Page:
By Stefan J. Bos
In a hastily called Rose Garden appearance at the White House with US President Donald Trump, the president of the EU's executive European Commission Jean-Claude Juncker said the U.S. and the EU had agreed to hold off on new tariffs. "When the President invited me to the White House, I had one intention: I had the intention to make a deal today. And we made a deal today," he said.
"We have identified a number of areas on which to work together. Work towards zero tariffs on industrial goods. And that was my main intention, to propose to come down to zero tariffs on industrial goods. "
Juncker suggested that that the United States will suspend plans to start taxing European auto imports — a move that would have marked a significant escalation in trade tensions between the allies.
In exchange, the EU will buy more US liquefied natural gas (LNG) and soybeans. "We’ve decided to strengthen our cooperation on energy. The EU will build more terminals to import liquefied natural gas from the U.S. This is also a message for others" Juncker explained.
"We agreed to establish a dialogue on standards. As far as agriculture is concerned, the European Union can import more soybeans from the U.S., and it will be done," the EU leader pledged. "And we also agreed to work together on the reform of the WTO. This, of course, is on the understanding that as long as we are negotiating, unless one party would stop the negotiations, we will hold off further tariffs, and we will reassess existing tariffs on steel and aluminum," Juncker added.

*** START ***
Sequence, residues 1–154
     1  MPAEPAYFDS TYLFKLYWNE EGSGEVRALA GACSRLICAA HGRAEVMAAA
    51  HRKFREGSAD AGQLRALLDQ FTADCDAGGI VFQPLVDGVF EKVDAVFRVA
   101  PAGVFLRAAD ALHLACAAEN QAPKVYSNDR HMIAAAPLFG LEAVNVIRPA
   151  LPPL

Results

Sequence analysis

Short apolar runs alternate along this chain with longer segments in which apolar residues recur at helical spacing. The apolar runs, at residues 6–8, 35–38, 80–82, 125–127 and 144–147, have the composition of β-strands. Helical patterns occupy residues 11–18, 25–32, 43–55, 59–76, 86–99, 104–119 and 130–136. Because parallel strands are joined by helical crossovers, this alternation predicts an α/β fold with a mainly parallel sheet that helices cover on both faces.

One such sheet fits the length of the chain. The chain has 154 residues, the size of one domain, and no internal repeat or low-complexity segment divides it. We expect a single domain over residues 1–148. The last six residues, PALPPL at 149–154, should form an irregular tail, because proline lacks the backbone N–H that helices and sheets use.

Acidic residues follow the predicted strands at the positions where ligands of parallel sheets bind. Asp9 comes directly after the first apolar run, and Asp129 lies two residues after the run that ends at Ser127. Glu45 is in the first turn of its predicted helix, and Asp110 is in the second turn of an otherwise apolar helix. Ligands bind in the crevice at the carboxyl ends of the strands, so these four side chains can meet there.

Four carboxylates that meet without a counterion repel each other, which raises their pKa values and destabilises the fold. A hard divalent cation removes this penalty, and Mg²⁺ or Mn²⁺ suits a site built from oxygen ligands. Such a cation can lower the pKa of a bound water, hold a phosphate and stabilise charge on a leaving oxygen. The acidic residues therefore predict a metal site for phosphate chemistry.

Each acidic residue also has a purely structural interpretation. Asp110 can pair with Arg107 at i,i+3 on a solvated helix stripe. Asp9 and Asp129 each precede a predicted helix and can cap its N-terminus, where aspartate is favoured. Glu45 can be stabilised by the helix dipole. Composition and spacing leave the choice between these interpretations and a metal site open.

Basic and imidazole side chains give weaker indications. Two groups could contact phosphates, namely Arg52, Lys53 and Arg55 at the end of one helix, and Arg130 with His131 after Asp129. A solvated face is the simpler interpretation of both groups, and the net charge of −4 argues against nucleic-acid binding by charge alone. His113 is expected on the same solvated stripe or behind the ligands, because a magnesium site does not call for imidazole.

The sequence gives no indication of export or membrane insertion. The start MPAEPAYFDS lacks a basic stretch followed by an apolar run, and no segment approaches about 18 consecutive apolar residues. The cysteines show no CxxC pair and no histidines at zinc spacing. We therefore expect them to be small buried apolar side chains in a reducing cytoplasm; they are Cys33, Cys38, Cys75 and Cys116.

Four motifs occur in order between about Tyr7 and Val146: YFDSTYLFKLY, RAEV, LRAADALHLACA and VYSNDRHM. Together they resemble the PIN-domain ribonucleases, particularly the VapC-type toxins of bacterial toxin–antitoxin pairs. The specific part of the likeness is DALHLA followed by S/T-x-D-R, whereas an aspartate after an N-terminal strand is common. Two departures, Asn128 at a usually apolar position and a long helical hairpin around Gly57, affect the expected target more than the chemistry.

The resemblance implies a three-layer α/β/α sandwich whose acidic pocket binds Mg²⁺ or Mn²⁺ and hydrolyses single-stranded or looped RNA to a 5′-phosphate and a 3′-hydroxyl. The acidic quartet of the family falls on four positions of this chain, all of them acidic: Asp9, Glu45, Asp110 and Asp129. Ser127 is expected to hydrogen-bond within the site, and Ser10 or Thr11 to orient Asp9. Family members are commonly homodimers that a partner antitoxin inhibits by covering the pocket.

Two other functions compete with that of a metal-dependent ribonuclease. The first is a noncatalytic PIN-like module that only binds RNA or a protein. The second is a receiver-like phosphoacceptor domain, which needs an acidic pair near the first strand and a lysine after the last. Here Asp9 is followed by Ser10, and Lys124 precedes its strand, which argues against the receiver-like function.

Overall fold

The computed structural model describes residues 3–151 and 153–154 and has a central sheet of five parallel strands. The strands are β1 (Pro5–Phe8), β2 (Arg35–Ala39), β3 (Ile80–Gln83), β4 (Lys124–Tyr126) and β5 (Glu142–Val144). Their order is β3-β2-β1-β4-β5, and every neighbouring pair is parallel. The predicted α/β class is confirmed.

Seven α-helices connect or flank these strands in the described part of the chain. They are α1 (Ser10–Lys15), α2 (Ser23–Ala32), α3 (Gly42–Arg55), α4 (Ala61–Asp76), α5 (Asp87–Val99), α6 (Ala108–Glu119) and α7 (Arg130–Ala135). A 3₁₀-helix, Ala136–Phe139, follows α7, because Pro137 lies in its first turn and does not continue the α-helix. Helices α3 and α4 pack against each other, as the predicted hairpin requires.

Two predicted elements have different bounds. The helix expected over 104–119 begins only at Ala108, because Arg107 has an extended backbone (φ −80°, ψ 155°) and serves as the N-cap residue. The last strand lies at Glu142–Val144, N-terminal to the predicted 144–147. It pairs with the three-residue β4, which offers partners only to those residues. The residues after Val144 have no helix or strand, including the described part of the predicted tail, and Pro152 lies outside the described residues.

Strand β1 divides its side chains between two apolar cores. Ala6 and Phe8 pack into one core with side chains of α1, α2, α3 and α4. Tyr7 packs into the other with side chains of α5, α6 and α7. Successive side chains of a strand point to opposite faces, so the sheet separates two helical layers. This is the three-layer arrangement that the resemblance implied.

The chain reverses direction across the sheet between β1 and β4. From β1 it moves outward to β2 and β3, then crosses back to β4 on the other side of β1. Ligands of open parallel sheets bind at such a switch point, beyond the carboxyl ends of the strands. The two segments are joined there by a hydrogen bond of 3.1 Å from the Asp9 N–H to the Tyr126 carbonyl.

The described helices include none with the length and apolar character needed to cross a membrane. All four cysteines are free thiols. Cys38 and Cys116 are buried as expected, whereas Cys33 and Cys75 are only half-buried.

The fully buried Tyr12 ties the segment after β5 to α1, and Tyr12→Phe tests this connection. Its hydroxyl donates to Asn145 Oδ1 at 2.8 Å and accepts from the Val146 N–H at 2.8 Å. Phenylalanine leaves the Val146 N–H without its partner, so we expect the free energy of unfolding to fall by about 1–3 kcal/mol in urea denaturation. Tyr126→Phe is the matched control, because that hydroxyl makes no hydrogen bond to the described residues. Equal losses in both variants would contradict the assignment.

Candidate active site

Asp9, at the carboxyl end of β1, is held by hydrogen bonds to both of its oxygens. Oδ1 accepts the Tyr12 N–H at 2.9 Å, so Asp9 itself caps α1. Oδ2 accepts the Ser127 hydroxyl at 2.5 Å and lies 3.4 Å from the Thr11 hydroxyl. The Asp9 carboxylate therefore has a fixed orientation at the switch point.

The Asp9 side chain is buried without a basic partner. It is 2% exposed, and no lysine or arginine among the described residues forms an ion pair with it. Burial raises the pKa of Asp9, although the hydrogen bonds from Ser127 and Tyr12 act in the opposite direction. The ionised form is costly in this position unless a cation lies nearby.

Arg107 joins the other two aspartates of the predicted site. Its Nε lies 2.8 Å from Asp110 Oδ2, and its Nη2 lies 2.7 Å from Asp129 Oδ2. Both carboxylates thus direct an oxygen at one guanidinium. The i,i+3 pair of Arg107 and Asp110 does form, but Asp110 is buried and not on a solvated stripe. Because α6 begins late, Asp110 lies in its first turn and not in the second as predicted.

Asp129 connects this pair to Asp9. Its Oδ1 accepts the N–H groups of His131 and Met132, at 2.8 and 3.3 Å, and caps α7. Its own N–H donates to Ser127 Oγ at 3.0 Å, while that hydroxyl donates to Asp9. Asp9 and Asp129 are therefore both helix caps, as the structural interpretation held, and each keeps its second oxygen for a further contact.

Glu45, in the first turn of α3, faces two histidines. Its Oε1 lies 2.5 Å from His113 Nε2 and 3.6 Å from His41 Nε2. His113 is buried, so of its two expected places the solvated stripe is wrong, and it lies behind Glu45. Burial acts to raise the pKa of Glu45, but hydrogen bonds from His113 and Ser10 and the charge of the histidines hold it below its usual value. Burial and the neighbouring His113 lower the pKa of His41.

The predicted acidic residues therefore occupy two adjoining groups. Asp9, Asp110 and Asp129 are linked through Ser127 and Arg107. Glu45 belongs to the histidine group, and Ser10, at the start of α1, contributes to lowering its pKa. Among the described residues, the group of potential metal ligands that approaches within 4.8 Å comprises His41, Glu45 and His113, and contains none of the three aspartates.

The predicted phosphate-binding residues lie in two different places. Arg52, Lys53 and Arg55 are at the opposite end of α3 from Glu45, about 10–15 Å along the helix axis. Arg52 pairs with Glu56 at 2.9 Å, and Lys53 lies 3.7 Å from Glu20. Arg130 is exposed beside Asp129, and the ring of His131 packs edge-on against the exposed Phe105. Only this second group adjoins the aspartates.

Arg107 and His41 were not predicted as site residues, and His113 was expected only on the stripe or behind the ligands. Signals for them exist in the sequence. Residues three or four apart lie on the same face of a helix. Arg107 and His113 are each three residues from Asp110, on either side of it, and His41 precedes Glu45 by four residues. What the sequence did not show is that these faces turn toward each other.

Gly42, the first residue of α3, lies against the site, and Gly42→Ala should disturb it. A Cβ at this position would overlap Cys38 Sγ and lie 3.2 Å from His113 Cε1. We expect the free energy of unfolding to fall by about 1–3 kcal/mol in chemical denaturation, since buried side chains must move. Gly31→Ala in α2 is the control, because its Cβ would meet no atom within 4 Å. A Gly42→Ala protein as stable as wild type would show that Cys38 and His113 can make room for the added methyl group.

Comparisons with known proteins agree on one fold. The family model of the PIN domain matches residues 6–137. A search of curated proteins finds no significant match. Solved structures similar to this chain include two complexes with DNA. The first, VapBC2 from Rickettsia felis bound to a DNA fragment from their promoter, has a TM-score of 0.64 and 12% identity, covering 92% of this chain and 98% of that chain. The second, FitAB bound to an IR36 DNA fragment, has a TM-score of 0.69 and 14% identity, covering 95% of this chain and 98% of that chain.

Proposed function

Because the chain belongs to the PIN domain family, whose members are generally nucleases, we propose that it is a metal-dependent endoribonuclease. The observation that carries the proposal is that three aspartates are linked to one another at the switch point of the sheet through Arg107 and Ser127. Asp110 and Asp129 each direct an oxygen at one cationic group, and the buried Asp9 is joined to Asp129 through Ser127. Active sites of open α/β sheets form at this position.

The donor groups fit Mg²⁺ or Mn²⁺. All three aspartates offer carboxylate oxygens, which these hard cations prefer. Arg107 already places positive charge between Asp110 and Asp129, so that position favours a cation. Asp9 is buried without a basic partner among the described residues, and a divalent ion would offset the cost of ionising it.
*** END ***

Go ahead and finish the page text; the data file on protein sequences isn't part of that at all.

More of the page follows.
A joint statement said the two leaders agreed to "work together toward zero tariffs, zero non-tariff barriers, and zero subsidies on non-auto industrial goods."
U.S. import tariffs of 25 percent on steel and 10 percent on aluminum, imposed in March, will, however, remain in place.
But President Trump did not rule out changes in the future. "We’re starting the negotiation right now, but we know very much where it’s going," he said.
"We also will resolve the steel and aluminum tariff issues, and we will resolve retaliatory tariffs. We have some tariffs that are retaliatory. And that will get resolved as part of what we’re doing."
But while politicians and businesses welcomed the deal Thursday, the agreement was vague.
Analysts agree that the negotiations are sure to be contentious, at a time when the United States remains embroiled in significant trade disputes elsewhere with China and other countries.